I’ve been waiting to see this show for a long time, ever since I heard about this new collaboration between several of the most talented women in the entire Australian circus scene. GUSH is a new collaboration between Bianca Mackail, Anna Yen, Mayu Muto and director Celia White, each of who are renowned performers, artists, and visionaries. Each of them has a prestigious pedigree of performances behind them, in many different artforms. Their shared meeting in this space for circus sees them bring a slew of vibrant skills together to create a fantastical world of macabre creature-like acrobatic constructions.
The performance is held in an impromptu theatre in the Stores Building, at the Brisbane Powerhouse. I love this old building. What is it about industrial architecture that is so perfect for making toothsome fleshy work in? Even the makeshift stage created by transforming a training space with blackout curtains, has an aura about it. The simple set of unadorned lamps, there cords carelessly rolled out across the stage. Mechanical and organic makes for such a good juxtaposition, it gets me every time. The strange contraptions of the industrial yesteryear, once considered wondrous for their usefulness and their ability to reduce labour, now archaic architecture for our artistic performing spaces.
The performers are masked, always. It is strange how much connection one can feel even without eye contact, it seems incongruous. The constant masking melds the performers into one another. I am familiar with each of these women and their performing styles, and yet they melt, they fuse in and out. I can no longer recognise dancers legs or acrobats arms, the three waltz and fight in turns. Cloth becomes bandages, robes, tensile connections, weapons, obscuring and inviting your imagination to fill in the narrative.
There are some truly terrifying monsters. What strange creatures can come from the human mind? A coat worn on legs, deceptively simple to write about, deeply unsettling to observe. Why is a common thing, twisted just once, suddenly so macabre, so un-right. Shoes on hands create a four-hoofed monstrosity, wigs that are more than a hair accessory…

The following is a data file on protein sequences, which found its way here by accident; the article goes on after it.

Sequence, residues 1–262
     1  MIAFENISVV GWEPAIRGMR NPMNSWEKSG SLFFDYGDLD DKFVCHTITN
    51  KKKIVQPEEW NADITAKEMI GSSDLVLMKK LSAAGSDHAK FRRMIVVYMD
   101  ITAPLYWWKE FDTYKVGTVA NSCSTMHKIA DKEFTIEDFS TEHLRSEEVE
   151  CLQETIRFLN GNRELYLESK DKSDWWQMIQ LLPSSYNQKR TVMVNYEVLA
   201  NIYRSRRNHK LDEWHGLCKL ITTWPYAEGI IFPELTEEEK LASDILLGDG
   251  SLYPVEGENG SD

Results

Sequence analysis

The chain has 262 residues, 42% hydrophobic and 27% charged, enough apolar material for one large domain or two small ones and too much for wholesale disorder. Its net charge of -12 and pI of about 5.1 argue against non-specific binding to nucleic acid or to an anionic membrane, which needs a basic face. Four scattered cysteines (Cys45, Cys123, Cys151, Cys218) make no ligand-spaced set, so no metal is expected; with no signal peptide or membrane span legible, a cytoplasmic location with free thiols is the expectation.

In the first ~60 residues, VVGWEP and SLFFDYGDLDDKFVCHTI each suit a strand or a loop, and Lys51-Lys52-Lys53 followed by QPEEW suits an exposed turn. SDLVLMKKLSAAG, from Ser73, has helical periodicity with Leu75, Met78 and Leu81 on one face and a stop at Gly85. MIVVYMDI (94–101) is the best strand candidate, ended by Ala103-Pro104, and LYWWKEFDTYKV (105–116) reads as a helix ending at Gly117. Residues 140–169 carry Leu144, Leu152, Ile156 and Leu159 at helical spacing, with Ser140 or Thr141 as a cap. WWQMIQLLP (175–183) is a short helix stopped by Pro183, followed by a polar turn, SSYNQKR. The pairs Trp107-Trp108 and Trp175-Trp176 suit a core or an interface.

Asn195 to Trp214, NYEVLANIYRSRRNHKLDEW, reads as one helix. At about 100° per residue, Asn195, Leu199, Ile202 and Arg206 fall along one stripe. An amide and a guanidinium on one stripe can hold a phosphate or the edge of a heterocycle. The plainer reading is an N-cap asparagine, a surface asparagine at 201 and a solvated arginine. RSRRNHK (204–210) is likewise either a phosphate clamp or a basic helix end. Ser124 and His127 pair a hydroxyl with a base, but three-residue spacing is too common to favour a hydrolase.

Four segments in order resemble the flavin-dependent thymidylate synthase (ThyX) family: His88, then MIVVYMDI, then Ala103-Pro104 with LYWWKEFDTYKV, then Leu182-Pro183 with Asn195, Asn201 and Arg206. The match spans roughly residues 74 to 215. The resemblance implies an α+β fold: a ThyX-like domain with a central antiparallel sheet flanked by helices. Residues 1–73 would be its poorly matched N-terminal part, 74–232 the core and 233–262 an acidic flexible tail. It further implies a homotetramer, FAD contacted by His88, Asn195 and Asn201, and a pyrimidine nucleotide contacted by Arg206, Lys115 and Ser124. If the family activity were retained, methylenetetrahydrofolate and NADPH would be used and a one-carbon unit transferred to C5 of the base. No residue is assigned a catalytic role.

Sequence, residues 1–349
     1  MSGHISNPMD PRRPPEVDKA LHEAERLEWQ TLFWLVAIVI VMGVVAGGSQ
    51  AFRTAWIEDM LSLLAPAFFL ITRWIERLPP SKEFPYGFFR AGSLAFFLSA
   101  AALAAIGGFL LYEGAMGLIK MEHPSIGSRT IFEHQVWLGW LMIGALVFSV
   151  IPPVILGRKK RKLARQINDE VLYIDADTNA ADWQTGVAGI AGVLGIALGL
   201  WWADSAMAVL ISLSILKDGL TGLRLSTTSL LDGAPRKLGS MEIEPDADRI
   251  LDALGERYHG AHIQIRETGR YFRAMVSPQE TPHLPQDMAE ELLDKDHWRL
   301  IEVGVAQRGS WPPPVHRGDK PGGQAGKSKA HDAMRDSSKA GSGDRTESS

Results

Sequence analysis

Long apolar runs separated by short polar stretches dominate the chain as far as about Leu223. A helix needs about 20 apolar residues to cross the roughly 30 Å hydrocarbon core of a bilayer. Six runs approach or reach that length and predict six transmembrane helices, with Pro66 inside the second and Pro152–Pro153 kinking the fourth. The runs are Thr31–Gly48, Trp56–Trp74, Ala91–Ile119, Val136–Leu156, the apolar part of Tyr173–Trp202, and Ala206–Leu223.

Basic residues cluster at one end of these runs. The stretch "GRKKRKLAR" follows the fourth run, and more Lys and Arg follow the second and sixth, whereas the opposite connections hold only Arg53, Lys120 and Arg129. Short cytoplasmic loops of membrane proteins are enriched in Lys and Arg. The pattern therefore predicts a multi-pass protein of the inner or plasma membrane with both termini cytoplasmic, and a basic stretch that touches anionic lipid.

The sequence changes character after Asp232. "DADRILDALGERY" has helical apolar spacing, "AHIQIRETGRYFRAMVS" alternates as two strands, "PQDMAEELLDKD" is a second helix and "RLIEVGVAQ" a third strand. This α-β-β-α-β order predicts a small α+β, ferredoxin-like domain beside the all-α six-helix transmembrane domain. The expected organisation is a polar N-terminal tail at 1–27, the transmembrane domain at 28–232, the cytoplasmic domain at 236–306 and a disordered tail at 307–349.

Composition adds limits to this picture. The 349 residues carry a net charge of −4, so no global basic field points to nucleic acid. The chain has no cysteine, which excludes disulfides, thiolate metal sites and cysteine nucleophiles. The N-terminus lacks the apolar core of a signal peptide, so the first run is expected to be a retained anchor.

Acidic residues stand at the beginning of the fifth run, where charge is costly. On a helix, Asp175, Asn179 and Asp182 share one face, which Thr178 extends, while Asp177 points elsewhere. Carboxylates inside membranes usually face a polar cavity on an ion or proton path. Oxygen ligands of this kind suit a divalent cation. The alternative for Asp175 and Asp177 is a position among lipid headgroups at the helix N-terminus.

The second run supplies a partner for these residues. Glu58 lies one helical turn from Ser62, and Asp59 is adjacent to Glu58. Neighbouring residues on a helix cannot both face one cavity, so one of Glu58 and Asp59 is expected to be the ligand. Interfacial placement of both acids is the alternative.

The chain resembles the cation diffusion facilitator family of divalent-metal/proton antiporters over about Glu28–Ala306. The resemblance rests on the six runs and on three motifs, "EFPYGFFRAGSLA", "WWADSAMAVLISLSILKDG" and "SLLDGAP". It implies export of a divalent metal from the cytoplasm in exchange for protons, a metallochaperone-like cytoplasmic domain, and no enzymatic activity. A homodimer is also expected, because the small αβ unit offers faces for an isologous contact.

The bare lamp shades. The coiled ropes. The female body, the human body, deconstructed into parts and pieces, reconstructed into strange distortions. The complicated and hard-to-follow acro balance poses. A sound track that meandered and raged by turns. Dresses that floated, filled with Gollum-like hands emerging from within. An incredible balancing act by Yen, against all belief walking on a slackline rope in high heels, whilst her counterparts flow beneath her, like ephemeral water creatures, like strange catfish from fairytales, like masked bedouin.
White has been working in the contemporary circus world for a long time, wresting with the human form, the female form, the boxes it is habitually forced into. Breaking it back out again. There is not a piece of work she has made that doesn’t have a strong political subtext running through it, and the story that runs through this one is of the female body, the way it is caged, and how it seeks release. How do we even define monsters? Does a woman become a monster when she refuses to be boxed by societal expectation? When she overconforms, and distorts her own true self? What maketh a monster? A creature beyond our control? A creature that will hurt us, in insidious ways? Do they come at us in the night, or are they waiting inside, just behind the closed eye?